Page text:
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Traditional Palauan Practices Support Healthy Coral Reefs

Palau taro field

A taro field in Palau acts as a natural sediment trap. Credit: Faustina K. Rehuher-Marugg.

A new study has demonstrated what Palauans have known for millennia—cultivated wetlands, in particular taro (Colocasia esculenta) fields, can control soil erosion and reduce the impact of watershed discharges on nearshore coral reefs. Taro fields in Palau are designed with embankments that allow a steady flow of water through the field, using the taro plants as a natural sediment trap.

For 2,000 years, the people of Palau, an island nation in western Micronesia, have survived by balancing population growth and development with sustainable agriculture and fishing practices. Communities are experiencing the negative effects of increased coastal development and a movement away from the domestic production of starch in the form of taro.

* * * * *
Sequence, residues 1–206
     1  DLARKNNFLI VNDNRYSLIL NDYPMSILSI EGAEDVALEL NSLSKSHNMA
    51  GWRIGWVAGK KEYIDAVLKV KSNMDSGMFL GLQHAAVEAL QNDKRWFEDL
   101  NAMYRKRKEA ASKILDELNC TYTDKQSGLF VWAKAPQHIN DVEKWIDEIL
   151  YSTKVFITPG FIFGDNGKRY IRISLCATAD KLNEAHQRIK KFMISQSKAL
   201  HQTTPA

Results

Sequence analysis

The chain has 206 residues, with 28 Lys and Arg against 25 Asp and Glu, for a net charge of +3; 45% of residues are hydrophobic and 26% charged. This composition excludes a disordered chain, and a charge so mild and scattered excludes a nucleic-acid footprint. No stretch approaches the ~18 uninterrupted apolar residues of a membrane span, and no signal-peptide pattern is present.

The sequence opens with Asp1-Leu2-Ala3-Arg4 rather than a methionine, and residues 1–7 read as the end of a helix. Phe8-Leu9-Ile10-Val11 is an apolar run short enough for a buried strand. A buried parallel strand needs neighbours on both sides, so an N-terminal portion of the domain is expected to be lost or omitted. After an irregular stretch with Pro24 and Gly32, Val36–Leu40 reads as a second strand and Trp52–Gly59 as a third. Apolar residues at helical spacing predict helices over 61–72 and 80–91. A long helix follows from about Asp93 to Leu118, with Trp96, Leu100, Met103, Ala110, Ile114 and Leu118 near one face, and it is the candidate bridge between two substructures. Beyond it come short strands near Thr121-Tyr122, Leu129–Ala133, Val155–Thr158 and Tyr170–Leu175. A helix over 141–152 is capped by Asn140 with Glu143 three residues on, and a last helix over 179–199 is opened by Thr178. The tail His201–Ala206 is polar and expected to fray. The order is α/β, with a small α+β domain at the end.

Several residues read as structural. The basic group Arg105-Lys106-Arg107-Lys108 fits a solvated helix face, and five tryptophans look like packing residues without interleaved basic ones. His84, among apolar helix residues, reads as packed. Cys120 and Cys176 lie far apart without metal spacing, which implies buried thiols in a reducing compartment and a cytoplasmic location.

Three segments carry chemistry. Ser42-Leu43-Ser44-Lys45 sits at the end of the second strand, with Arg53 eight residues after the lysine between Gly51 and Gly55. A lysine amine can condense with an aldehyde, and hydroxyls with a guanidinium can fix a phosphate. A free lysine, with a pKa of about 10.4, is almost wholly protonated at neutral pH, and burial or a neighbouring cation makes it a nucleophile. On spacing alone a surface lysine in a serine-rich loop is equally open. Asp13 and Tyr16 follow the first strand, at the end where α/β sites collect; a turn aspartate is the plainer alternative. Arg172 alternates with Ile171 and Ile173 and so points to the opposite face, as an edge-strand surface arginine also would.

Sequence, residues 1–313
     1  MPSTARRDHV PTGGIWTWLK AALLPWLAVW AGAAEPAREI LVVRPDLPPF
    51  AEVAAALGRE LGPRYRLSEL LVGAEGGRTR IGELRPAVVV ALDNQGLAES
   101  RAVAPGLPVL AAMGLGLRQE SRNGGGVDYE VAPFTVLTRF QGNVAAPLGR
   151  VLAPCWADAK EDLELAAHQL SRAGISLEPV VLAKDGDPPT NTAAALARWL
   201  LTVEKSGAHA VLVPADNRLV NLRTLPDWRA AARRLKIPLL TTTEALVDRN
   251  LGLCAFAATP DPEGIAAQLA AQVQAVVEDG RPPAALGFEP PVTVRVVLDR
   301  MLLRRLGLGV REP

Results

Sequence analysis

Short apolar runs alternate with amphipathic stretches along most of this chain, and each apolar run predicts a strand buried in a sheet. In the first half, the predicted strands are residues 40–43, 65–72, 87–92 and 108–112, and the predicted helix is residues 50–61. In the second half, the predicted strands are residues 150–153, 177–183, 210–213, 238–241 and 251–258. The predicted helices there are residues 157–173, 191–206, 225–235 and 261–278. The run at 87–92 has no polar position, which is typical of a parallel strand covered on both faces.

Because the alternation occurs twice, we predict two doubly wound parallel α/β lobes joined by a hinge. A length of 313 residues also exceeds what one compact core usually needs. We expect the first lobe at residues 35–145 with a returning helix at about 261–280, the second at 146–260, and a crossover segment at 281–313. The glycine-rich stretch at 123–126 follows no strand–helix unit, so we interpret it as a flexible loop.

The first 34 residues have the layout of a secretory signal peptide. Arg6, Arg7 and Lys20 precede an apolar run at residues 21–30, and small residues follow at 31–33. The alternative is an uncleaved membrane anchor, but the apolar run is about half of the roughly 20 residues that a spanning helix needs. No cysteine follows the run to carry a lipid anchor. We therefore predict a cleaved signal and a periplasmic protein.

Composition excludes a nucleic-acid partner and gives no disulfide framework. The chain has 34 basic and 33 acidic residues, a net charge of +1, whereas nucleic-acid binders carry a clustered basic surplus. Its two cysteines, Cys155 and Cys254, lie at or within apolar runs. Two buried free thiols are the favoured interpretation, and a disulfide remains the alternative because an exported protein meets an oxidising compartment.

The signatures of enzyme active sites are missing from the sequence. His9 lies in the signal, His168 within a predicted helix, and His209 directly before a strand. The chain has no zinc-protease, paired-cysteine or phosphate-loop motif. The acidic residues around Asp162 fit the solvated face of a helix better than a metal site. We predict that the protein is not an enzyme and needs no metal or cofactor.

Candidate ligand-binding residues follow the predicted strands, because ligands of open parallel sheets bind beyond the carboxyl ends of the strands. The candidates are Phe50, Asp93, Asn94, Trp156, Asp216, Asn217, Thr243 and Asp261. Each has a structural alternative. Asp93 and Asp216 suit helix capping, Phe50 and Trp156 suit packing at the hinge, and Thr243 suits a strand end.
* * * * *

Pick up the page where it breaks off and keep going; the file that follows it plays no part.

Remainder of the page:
Increased amounts of runoff from land clearing, agriculture, and development have damaged coral reefs by increasing nutrients from fertilizers, human-derived sewage, sedimentation, and coastal pollution (e.g., from pesticides), as well as decreasing light availability for photosynthesis.

The NCCOS-funded study shows that using taro fields (sediment trapping efficiency of up to 90 percent) in combination with protecting mangrove forests (sediment trapping efficiency of 30 percent) can greatly reduce sediment runoff to coral reefs. An added benefit of reinvigorating fallow taro fields to control runoff is the improvement of the nation’s food security, which presently relies on imported rice for starch. This study is published in the journal Estuarine, Coastal and Shelf Science.

For more information, contact Kimberly.Puglise@noaa.gov, or visit the associated project page on this website.

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Shorter web link for sharing: http://coastalscience.noaa.gov/news/?p=12238

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